Effective time travel films must be able to set clear, established rules and be a means of achieving greater, emotional weight . Without the two, a film can be eviscerated by plot holes or become an unruly, empty spectacle. Predestination, an adaptation of an Robert A. Heinlein’s short story, “”—All You Zombies—”,” effectively coopts time travel and musings on fate and identity by anchoring the film emotionally with a stellar performance by Sarah Snook.
The film follows a temporal agent’s (Ethan Hawke) mission to stop the Fizzle Bomber from having killed thousands in 1975. After a failed attempt, he is sent back to recruit John (Sarah Snook), a person born intersex and having started out as a woman, Jane, before a tragedy struck. The story focuses mainly on Jane’s emotional journey through various struggles with her own identity. Whether as an orphan, a woman in the 1940s, or an intersex individual, Jane struggles to come to terms with her own self. Jane’s life become the emotional core of the film, breathing life into a trope-filled genre.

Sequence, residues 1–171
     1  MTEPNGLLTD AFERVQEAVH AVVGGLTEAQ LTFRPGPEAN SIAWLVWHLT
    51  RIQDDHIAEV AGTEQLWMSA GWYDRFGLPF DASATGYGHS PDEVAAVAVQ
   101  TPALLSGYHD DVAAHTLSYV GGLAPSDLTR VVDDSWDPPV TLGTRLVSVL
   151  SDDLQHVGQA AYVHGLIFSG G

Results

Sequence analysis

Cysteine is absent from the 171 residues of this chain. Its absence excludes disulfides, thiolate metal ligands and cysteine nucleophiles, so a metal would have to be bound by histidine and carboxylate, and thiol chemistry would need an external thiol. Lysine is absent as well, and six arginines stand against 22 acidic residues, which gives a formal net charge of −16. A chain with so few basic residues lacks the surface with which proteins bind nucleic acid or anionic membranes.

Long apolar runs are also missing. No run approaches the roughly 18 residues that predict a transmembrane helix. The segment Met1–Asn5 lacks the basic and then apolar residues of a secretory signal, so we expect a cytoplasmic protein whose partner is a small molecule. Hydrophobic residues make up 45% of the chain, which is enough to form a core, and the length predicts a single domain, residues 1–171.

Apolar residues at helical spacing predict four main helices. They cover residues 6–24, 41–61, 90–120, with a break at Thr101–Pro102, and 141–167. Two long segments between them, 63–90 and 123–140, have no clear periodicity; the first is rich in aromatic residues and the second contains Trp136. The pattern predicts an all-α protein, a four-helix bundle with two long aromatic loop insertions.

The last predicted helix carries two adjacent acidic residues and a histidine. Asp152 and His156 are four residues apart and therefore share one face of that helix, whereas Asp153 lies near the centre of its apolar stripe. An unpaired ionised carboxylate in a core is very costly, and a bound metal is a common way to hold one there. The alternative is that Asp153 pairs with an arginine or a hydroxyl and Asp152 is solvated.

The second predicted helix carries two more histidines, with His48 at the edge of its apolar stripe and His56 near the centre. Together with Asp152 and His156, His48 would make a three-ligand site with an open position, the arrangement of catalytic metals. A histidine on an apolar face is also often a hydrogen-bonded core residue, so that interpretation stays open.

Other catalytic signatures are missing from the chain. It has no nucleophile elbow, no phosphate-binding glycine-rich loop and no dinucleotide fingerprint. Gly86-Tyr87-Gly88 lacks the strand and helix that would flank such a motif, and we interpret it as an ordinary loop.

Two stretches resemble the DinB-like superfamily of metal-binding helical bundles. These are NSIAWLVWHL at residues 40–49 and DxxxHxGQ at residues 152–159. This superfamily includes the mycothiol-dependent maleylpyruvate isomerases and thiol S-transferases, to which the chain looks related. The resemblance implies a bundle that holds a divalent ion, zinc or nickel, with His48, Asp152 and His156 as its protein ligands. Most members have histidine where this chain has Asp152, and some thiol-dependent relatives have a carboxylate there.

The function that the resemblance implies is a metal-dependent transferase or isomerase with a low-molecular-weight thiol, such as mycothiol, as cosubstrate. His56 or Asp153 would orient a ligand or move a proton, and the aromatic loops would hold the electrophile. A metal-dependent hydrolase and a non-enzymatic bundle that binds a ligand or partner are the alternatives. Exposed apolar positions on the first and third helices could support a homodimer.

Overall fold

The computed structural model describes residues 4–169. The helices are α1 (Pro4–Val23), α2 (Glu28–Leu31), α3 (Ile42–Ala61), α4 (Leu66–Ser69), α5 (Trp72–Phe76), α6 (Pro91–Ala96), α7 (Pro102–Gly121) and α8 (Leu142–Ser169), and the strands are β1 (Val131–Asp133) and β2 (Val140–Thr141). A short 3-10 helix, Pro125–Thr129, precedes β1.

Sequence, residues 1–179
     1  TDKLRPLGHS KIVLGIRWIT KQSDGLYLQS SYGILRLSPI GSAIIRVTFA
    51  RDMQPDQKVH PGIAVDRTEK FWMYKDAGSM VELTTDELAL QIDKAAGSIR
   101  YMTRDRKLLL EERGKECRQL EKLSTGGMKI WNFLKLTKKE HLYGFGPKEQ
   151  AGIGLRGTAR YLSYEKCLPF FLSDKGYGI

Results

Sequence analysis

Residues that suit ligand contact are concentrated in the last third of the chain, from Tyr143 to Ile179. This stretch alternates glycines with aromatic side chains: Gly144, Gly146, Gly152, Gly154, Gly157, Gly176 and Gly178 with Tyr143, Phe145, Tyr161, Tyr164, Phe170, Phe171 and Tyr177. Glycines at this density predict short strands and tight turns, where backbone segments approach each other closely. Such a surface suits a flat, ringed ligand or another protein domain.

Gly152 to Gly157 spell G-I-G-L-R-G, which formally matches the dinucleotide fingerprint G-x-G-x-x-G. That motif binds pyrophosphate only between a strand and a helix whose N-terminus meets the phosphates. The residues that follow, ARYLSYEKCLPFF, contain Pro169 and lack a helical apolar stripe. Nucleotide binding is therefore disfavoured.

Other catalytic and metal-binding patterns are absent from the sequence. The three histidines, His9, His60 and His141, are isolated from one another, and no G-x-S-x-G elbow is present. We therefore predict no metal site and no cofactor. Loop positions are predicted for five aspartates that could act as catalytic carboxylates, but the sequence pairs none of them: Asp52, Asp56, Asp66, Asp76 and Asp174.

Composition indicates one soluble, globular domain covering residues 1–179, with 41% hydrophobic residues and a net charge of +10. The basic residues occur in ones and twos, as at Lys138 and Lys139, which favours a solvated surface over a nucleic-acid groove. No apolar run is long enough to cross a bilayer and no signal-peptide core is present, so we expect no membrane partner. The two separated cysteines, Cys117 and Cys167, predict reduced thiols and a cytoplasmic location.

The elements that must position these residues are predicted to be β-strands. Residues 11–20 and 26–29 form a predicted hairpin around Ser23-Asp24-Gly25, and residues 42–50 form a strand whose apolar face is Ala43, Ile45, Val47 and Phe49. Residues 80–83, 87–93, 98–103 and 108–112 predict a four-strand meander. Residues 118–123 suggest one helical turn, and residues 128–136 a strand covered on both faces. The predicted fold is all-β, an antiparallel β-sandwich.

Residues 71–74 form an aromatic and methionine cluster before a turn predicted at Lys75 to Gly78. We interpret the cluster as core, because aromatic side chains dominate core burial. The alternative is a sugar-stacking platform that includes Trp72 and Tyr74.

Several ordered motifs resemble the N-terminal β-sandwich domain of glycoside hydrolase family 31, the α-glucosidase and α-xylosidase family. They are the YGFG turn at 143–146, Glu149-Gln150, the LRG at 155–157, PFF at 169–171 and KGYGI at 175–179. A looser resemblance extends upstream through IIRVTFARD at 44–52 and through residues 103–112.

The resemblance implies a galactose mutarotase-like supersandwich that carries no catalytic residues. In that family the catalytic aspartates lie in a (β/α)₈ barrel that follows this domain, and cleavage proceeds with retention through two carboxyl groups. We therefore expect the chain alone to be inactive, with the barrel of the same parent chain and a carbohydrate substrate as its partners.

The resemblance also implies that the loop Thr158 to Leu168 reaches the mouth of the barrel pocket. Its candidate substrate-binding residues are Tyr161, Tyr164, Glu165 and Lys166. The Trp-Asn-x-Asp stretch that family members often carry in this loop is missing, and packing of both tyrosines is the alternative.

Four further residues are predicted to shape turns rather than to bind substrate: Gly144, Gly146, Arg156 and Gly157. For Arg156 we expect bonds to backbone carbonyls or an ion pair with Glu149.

The film is paradoxically both stylistic as well as barebones. Temporal agents hop via a pedantically named device in the form of a violin case, and the effects itself are minimal but still satisfy. This is not a typical time travel thriller nor a brilliant, nuanced allegory, but something in between.
Although the twist will shock and amuse, it is the gradient performance by Sarah Snook in transforming Jane into John that sets an otherwise shallow film apart. Science fiction allows people to grapple with difficult and often nebulous themes, and although not perfect, Predestination does just enough to stand out in its dealings with time, fate, and identity.